What should the World Bank optimally do with the US$10 to $20 billion it can loan each year? Has it, in fact, done what is optimal? This study suggests a simple framework within which to measure the World Bank against an optimal international public financier for development. It goes on to argue that a careful treatment of the empirical evidence on Bank lending strongly contradicts optimal behavior under different assumptions. The evidence, in fact, rejects any notion that the Bank has substituted for private capital or that it has successfully catalyzed private development finance.
Do Rich Countries Invest Less in Poor Countries than the Poor Countries Themselves? - Working Paper 19
Global private capital flows have barely touched the poorest nations; the rich invest mostly with the rich. It is possible that failures in the global capital market prevent capital from exploiting high returns in poor countries; it is also possible that fundamental returns to investment are lower in poor countries. In this paper, a novel empirical framework uses standard data to conclude that 85% of wealth bias, whether caused by market failure or not, is domestic in origin. That is, poor country lenders are deterred from investing in poor countries to nearly the same degree that rich-country lenders are.
We assess the dynamic behind the high net resource transfers of donors and creditors, IDA, bilaterals, IBRD, IMF and other multilateral creditors to the countries of sub-Saharan Africa in the 1980s and 1990s. Analyzing a panel of 37 recipient countries over the years 1978-98, we find that net transfers were greater in poorer and smaller countries. The quality of countries' policy framework mattered little, however, in determining overall net transfers.
What did Structural Adjustment Adjust? The Association of Policies and Growth with Repeated IMF and World Bank Adjustment Loans - Working Paper 11
One feature of adjustment loans that has been often overlooked in their evaluation is their frequent repetition to the same country, with such extremes as the 30 IMF and World Bank adjustment loans to Argentina over 1980-99 or the 26 adjustment loans to Cote d'Ivoire and Ghana. Repetition changes the nature of the selection problem, with the possible implication that new loans had to be given because earlier loans were not effective. This study finds that while there were relative successes and failures, none of the top 20 recipients of adjustment lending over 1980-99 were able to achieve reasonable growth and contain all policy distortions. The findings of this paper are in line with the foreign aid literature that shows that aid does not discriminate between good and bad policies. There's a big difference between structural adjustment lending and structural adjustment policies.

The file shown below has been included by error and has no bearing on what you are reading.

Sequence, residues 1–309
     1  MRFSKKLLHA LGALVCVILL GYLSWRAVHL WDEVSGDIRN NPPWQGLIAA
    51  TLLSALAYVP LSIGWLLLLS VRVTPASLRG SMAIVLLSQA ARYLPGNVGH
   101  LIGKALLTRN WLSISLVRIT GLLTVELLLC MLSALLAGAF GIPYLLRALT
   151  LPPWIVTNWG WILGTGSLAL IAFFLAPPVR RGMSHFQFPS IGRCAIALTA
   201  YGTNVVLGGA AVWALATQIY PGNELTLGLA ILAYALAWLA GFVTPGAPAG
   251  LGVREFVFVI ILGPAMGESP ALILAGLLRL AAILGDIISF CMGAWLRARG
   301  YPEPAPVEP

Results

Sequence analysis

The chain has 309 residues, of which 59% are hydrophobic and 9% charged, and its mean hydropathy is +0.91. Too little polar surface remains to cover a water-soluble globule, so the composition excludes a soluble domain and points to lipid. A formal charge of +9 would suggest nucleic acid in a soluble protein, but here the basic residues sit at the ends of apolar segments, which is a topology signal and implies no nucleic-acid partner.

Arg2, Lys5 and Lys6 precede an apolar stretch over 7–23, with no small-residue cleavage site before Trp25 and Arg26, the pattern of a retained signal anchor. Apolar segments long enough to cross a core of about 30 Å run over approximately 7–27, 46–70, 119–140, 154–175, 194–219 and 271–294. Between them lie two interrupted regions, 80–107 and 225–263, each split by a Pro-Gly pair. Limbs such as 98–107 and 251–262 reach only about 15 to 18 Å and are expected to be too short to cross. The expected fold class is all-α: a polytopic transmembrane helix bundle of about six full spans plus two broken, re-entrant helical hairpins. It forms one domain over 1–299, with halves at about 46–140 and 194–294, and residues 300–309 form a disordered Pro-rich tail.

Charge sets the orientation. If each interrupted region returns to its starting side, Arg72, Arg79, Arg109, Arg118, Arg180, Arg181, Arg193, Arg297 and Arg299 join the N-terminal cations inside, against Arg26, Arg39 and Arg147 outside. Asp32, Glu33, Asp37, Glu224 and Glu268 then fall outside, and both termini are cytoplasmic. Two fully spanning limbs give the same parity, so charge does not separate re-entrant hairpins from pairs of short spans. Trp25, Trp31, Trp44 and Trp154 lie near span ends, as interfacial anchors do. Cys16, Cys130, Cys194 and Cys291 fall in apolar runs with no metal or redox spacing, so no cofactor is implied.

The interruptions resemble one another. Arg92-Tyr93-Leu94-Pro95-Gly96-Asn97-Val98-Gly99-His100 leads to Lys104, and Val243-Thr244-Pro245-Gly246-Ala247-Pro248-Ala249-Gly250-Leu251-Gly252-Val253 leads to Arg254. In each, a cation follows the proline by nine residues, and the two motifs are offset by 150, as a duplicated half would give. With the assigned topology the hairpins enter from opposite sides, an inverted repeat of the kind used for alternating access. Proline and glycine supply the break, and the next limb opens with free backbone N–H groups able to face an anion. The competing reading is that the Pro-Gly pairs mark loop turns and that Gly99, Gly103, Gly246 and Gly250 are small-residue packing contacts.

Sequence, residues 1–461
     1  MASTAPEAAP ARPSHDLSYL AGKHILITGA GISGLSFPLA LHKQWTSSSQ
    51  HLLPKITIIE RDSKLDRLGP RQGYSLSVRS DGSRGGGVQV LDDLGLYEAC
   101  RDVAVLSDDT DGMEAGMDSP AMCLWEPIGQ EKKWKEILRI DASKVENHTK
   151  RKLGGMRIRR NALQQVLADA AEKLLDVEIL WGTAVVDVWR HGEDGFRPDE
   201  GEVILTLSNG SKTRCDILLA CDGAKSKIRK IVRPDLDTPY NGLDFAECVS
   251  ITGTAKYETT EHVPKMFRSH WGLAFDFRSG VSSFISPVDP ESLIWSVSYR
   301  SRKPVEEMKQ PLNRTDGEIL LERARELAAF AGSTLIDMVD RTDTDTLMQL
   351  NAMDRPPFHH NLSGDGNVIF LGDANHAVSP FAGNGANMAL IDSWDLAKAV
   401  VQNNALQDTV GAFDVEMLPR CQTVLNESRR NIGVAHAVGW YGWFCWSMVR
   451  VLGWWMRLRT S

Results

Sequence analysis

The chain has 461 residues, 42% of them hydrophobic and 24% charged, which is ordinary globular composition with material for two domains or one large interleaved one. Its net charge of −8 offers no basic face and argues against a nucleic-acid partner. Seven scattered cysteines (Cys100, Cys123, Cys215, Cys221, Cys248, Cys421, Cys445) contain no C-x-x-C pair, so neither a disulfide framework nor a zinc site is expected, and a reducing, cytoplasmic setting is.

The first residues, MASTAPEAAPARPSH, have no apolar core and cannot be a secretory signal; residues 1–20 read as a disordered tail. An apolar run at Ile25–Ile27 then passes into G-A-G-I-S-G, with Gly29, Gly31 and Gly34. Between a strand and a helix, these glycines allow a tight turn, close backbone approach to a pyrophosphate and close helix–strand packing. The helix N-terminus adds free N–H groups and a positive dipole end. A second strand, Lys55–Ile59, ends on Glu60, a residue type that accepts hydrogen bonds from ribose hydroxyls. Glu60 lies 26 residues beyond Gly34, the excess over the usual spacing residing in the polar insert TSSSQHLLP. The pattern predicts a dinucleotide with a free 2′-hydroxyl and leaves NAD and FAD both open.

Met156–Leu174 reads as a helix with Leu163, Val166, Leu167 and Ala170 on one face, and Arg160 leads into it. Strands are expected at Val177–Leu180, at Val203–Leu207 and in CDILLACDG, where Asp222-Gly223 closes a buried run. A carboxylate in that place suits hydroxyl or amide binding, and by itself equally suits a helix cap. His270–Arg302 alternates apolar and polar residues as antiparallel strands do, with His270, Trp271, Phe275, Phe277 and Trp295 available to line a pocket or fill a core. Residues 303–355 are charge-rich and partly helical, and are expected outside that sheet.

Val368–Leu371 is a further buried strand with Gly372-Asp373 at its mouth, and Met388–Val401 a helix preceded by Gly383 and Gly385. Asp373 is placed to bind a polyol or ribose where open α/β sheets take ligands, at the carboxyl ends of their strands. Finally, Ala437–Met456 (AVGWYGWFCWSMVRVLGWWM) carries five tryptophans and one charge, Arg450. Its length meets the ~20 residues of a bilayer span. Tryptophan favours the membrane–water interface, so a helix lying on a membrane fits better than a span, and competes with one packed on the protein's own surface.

Over the last several years, the United States and other major donor countries have supported a historic initiative to write down the official debts of a group of heavily indebted poor countries, or HIPCs. Donor countries had two primary goals in supporting debt relief: to reduce countries' debt burdens to levels that would allow them to achieve sustainable growth; and to promote a new way of assisting poor countries focused on home-grown poverty alleviation and human development. While the current "enhanced HIPC" program of debt relief is more ambitious than any previous initiative, it will fall short of meeting these goals. We propose expanding the HIPC program to include all low-income countries and increasing the resources dedicated to debt relief. Because debt relief will still only be a first step, we also recommend reforms of the current "aid architecture" that will make debt more predictably sustainable, make aid more efficient, and help recipient countries graduate from aid dependence.